“My Country, ‘Tis of Thee…”: Black, White & Cherokee…

Talking Drum: At Peace...

“When the white man discovered this

Country, Indians were running it.

No taxes no debt, women did all the work…

White man thought he could improve on a system like this…” (From a Cherokee Nation Adage)

Humor…  It’s nice to have, during periods of high stress or when your horizons look rather bleak.  Our African-American forefathers and Native-American cousins used it often, in good times, as well as when their cultural horizons seemed gloomy and dim. I was reminded of this on my recent trip home to my high school graduation class’ 50th reunion.

But, it was the narratives within the once-taboo subject of my family’s mixed-race past often reminded me of the complex, confluent dynamics which blended America’s bloodlines and shared experiences.  It happened again, a couple of years ago, at a holiday gathering, in Virginia. Then, we were guests at a dinner, hosted by a good friend, a Marine Corps combat veteran, that we recently buried at the Quantico (Virginia) National Cemetery.

While in the dinner’s buffet line, I observed a young father struggling alone, to balance his attention between the Thanksgiving-related array of food and his energetic kids.  He was dressed in casual clothes, of obvious Native-American influence, with hints of familiar customs, within the Southern Cherokee Nation back home, in Kentucky, as well as my mother’s birthplace in Tennessee.  

Our mid-brown skin tones were similar.  But, external similarities stopped there.   Dangling beneath his pony-tailed neckline, on braided rawhide, was a polished bear claw, some purple quartz and a sterling silver arrow-head, similar to what I’ve seen at ceremonial stomp dances.  Another silver ornament, I didn’t recognize, was highlighted by turquoise inlays, fitted inside the pendant hanging from his neck.  Like other, more elaborate Native-American garb I’ve seen at area “Pow Wows,” it too was impressive.  But, it was his proud demeanor which begged me to inquire about his attire. 

 In the brief conversation that followed, I was surprised how much he knew of his North Carolina Cherokee roots and how he shamelessly passed them on to his kids, although they were clad like the rest of us, in more contemporary clothing. Before I knew it, we were joking about the common experiences of blacks and Indians in the United States.  We also talked about the limited understanding, like my own, or outright ignorance by many African-Americans, of the Native-American links to our unique culture.  And, he cracked up with the story I shared about how little I actually knew- and once didn’t care to know- of my Scotch-Irish ancestry.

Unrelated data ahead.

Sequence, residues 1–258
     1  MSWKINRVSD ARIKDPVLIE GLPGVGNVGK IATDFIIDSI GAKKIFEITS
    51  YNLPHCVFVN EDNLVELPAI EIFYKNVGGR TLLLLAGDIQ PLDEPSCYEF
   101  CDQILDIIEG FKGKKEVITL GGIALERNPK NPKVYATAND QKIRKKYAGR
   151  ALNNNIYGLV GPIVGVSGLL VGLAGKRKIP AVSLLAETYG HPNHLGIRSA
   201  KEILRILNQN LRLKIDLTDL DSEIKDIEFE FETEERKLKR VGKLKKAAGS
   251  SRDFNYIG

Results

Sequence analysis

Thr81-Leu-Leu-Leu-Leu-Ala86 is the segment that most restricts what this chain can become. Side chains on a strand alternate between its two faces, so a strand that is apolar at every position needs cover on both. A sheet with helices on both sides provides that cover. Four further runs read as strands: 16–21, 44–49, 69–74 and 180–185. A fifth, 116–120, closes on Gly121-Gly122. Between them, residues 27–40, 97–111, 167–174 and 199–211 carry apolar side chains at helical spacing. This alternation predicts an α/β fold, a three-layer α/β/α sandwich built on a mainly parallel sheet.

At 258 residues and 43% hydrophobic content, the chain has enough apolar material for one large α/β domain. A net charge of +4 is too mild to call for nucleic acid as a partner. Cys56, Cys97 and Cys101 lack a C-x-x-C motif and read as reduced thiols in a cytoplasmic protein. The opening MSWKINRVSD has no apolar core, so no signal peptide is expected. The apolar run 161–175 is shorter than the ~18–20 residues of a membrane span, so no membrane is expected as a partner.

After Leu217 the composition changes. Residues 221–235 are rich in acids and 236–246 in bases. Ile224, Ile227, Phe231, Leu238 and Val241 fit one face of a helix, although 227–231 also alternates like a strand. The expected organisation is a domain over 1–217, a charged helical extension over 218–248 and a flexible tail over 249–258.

It’s sad to think of the cross-cultural illiteracies regarding our common past, in the United States.  Whether or not it’s the mix-bag of Cherokee, African and Scotch-Irish, like mine, or inclusive of Apache, Arawak, Blackfeet, Catawbas, Chauchas, Cheyenne, Chicksaw, Choctow, Comanche, Creek, Croaton, Crow, Delaware, Iroquois, Huron, Kickapoo, Kiowas, Mattaponi, Melungeon, Mohawk, Natchez, Navajo, Osage, Pamunkey, Potawatomi, Powhatan, Seminole, Shawnee, Sioux, Tonkawa, Ute, Zuni or many others…, even limited awareness of the blood-ties, blended soul and cultural bonds between Native-Americans and African-Americans can be spiritually uplifting.  It opens up additional pathways within the quest for inner peace and understanding. Exploring such winding roads can be a daunting task.  Yet, an entire universe of misconceptions often surfaces which can be quite revealing, therapeutic and humorous, as well. 

Within the kaleidoscope of reasoning, like many African-Americans, I’ve never actively sought out my Native-American genealogy, nor my Scotch-Irish roots.  But, like the lore of West African Griots, the information seems to ooze through family and community narratives, legends and anecdotes. 

When I was about 10 years old, during one of my summer-vacation stays at my maternal grandparent’s farm in Zanesville, Ohio, a white friend teasingly called me “Cherokee Bill,” when my grandmother informed him of my Cherokee ties, although through my paternal grandparents, in Dayton, Ohio.  We played cowboy and Indian games all the time.  But, he laughed for a long time on finding out how my obviously “white,” paternal grandfather once came to visit at our home in Kentucky.  At that time, segregation laws forced him to use a different railroad car than my mixed blood, “Black Cherokee” or “colored” grandmother, traveling on the same train.  I already knew some of the story, so his laughing didn’t bother me.  What irritated me was his assumption that the cowboy– “Cherokee Bill”– was white.